David Lindberg
Physics Department
The University of Texas at Austin

Chemical systems display a wide range of behaviors, including periodic and chaotic oscillations. The Belousov-Zhabotinsky reaction, the most studied chemical reaction giving chaos, will be used to present several routes to chaos. Routes to chaos presented will include the period doubling cascade, the universal sequence, the periodic-chaotic sequence, and motion on a torus.

Statistical Energy Analysis (SEA): Theory vs. The Real World

Thursday, October 3, 1985 3:30 p.m.

David A. Nelson
Tracoustics Acoustic Systems
Austin, Texas

The speaker has recently descended from the fog-shrouded mountain citadels of theoretical acoustics to the arid plain of nuts and bolts, brute force “acoustical engineering.” The tension between these two extremes is exemplified in the speaker’s attempts to provide a method, based on SEA, for predicting the transmission loss of as-yet unbuilt sound isolating panels. In this talk, basic explanation of SEA is followed by a rather sobering comparison of the prediction obtained with real world measurements. Several types of panel materials and structures (single wall, double wall, double wall with absorption, etc.) are considered.

Interaction of a Row of Helmholtz Resonators with Turbulent Boundary Layer

Thursday, September 26, 1985 3:30 p.m.

Ronald L. Panton
Department of Mechanical Engineering
The University of Texas at Austin

The turbulent flow in a boundary layer can excite acoustic oscillations in a Helmholtz resonator imbedded in the wall. Under certain conditions of timing between the flow and the resonator an extra strong excitation occurs. This seminar will review what is known about this situation and speculate on the back interaction of the acoustic motion upon the turbulent fluid motions. It may be possible to use this mechanism to control the boundary layer in a beneficial way.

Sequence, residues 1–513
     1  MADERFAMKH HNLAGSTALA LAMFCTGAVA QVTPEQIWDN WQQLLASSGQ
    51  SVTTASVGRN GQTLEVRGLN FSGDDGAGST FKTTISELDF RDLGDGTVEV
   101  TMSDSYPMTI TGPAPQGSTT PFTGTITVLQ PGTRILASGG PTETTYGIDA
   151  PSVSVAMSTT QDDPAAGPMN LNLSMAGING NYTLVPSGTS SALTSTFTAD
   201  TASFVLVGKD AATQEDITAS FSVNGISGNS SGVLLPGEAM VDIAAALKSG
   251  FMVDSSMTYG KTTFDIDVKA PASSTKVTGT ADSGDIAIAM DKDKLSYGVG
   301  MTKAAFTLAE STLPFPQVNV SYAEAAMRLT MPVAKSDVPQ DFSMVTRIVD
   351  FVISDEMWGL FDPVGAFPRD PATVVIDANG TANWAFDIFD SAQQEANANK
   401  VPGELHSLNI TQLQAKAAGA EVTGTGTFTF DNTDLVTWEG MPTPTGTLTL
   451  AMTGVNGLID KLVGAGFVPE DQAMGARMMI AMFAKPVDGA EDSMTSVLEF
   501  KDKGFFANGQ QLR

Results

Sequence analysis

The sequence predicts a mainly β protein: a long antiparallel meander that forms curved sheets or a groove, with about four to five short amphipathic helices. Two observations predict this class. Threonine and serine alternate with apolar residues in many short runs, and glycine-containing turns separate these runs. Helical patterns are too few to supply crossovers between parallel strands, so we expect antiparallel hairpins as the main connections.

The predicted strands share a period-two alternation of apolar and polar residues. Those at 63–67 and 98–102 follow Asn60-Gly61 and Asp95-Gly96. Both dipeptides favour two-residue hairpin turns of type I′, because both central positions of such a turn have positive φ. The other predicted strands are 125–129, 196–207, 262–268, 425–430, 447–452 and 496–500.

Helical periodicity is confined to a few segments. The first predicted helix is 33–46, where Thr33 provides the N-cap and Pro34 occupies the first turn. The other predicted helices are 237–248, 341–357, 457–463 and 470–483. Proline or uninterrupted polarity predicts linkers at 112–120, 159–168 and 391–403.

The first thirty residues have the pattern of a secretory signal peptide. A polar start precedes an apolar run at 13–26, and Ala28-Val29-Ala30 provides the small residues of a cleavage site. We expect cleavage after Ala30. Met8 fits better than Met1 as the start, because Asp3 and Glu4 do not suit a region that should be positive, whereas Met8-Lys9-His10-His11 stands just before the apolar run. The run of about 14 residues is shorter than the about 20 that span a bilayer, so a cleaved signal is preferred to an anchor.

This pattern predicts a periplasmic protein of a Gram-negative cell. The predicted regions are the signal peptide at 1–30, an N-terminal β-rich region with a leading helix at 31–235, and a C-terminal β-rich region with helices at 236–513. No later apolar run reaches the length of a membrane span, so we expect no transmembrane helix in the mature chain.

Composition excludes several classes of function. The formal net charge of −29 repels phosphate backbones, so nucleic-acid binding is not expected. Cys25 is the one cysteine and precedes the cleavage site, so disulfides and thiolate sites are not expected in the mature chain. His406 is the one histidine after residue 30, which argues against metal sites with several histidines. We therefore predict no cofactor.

Thermoacoustics in Air: Sound Generated by Thermal Means in a Gas-Filled Cylindrical Resonator

Tuesday, September 17, 1985 3:30 p.m.

Wayne M. Wright
Department of Physics
Kalamazoo College
Kalamazoo, Michigan

Thermally generated sound may be significantly enhanced by producing it in an enclosure which has a normal mode at the frequency of interest. A small gas-filled cylindrical container and a line thermal source are used to study the frequency response and efficiency of coupling energy into the acoustic field for axisymmetric modes . An alternating current in a thin , straight wire parallel with the container axis serves as the source of the acoustic waves . A similar system of current technological interest is the resonant optoacoustic spectrometer , for which a modulated laser beam serves as the thermal line source.

Rough Surface Acoustical Scattering

Thursday, September 12, 1985 3:30 p.m.

Rick Bailey
Department of Electrical Engineering
and
Applied Research Laboratories
The University of Texas at Austin

This study represents an inverse problem approach to rough surface acoustical scattering, the objective being to infer certain statistical characteristics of a randomly rough surface directly from the coherently scattered pressure field. Eckart’s physical ­ acoustical scattering model is applied to derive relationships for the probability density function and correlation function of surface heights which can be inferred directly from the scattered pressure field. Signal processing techniques are used to obtain estimates of the probability density function and correlation functions from experimental data. The experimental measurements are made of the steady state complex scattered pressure field from a single frequency small beam width source incident upon a pressure release model rough surface. Comparisons are made between the characteristics inferred from the scattered pressure and the actual surface characteristics.

Acoustic Intensity by Intuition

Wednesday, April 24, 1985 12:00 p.m.

Professor J.E. White
Department of Geophysics
Colorado School of Mines